As said earlier, supply is another basic factor. Supply means availability of documents for acquisition. Information regarding supply can be collected in the form of various selection sources or tools. A detailed discussion on a variety of selection tools, their characteristics, value and importance for selection of printed documents and non-print materials is given in Unit 6 of this Block 2. The library will be regularly receiving various source materials. If not, they have to be acquired. A good source collection may contain the following:
• Trade catalogues issued by individual publishers and booksellers • Book trade journals • Previews and announcements issued by publishers • Book reviews appearing in newspapers and journals • Book reviewing journals • Book selection lists brought out by competent bodies • List of textbooks prescribed for various courses of studies • Published catalogues of book exhibitions • Published catalogues of important libraries • Subject bibliographies and subject guides to selection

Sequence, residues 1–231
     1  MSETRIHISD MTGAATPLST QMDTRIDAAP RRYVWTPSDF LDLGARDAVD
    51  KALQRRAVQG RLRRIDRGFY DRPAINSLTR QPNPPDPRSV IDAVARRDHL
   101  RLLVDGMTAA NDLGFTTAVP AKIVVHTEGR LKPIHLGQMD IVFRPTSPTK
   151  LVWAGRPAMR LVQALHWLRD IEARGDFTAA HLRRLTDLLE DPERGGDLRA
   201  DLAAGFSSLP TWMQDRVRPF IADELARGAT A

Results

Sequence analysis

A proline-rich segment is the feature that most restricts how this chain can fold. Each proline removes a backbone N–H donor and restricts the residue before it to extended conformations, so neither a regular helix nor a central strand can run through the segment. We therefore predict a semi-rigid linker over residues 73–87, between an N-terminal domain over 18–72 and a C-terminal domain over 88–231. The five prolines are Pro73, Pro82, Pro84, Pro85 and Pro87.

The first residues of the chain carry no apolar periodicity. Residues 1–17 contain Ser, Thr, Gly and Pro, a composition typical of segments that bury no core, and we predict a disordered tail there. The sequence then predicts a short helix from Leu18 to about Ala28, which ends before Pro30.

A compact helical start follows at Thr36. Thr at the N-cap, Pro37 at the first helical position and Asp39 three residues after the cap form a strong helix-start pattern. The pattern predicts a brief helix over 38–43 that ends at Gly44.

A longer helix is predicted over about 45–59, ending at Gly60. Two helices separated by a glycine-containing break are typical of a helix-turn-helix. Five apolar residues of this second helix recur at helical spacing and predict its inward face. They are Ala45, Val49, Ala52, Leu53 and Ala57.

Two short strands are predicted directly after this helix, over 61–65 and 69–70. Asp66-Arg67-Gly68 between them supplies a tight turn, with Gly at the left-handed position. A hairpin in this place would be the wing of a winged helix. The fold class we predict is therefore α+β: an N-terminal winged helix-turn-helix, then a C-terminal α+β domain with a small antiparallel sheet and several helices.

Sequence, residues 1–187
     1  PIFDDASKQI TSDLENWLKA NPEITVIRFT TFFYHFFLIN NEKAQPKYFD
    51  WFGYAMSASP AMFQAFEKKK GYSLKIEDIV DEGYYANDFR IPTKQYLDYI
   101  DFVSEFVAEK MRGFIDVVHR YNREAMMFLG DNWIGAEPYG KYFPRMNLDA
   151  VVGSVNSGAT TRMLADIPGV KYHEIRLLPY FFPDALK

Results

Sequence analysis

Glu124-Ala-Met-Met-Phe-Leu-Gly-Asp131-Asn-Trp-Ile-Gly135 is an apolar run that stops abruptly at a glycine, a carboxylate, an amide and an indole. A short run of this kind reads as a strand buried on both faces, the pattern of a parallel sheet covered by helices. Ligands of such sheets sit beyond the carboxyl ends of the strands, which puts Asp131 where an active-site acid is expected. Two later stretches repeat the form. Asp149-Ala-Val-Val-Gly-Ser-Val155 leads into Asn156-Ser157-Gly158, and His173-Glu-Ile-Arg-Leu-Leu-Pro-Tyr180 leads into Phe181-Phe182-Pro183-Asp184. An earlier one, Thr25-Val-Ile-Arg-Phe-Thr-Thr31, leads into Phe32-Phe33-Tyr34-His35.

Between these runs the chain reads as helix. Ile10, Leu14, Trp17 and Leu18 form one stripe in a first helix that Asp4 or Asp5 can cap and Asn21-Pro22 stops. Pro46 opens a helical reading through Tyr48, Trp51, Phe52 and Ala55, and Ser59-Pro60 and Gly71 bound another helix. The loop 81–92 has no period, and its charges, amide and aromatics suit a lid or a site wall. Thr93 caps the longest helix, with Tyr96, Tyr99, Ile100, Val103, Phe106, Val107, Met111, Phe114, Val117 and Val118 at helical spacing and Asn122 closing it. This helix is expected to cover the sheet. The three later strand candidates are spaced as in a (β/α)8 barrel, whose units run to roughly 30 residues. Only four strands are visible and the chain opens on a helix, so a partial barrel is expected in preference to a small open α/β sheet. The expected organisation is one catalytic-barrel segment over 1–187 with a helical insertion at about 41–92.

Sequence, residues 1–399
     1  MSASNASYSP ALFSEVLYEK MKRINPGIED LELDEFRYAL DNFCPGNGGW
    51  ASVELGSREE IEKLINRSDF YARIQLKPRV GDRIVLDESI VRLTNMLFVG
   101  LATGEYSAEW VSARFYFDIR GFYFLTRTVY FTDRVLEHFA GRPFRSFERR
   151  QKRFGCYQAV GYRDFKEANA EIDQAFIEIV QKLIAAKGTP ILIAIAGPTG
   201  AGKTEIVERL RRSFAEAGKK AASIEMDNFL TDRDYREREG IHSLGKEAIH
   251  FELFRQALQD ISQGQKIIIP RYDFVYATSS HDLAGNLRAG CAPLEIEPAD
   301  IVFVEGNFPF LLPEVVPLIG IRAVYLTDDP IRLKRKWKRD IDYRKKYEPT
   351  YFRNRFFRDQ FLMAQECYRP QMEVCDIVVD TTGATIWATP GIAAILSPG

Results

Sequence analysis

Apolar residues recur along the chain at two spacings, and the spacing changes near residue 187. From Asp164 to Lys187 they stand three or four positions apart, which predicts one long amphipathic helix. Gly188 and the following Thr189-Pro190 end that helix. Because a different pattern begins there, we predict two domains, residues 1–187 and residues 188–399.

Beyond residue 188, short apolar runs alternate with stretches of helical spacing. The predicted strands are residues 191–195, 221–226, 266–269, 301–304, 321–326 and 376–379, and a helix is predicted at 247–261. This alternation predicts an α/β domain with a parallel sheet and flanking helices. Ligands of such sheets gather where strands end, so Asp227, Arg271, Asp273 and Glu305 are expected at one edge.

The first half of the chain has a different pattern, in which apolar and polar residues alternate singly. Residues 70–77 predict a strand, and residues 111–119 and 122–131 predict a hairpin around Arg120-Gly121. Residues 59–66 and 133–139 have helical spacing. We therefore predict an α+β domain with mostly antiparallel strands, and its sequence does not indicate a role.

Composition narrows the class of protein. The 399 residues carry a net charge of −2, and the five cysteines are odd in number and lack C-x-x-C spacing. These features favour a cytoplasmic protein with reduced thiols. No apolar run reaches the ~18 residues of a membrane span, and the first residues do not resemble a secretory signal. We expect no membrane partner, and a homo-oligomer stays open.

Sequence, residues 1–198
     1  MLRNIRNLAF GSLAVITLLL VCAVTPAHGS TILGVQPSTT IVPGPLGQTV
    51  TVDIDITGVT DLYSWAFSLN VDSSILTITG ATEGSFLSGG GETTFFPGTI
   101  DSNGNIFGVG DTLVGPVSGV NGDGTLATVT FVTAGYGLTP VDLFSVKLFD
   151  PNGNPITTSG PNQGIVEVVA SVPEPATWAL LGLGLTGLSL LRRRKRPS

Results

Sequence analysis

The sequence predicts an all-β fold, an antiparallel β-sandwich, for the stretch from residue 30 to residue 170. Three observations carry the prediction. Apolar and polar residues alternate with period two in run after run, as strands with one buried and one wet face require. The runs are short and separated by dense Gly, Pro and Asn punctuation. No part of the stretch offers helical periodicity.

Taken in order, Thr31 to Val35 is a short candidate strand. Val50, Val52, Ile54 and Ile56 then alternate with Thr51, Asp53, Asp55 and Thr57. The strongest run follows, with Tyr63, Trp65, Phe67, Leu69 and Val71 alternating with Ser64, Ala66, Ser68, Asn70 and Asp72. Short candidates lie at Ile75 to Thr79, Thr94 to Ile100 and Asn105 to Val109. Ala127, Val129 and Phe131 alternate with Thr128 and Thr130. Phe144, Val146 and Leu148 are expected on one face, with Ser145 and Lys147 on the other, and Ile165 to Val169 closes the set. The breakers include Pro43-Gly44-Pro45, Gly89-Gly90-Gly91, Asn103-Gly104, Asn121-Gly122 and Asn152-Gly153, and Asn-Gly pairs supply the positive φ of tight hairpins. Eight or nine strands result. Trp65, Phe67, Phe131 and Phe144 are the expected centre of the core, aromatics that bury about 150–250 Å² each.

• National bibliographies
• Comprehensive retrospective bibliographies like BooksinPrint
• Catalogues of second-hand booksellers
The sources have to be sorted and stored for convenient use. Updating of the sources and weeding out of old ones should be done on a regular basis.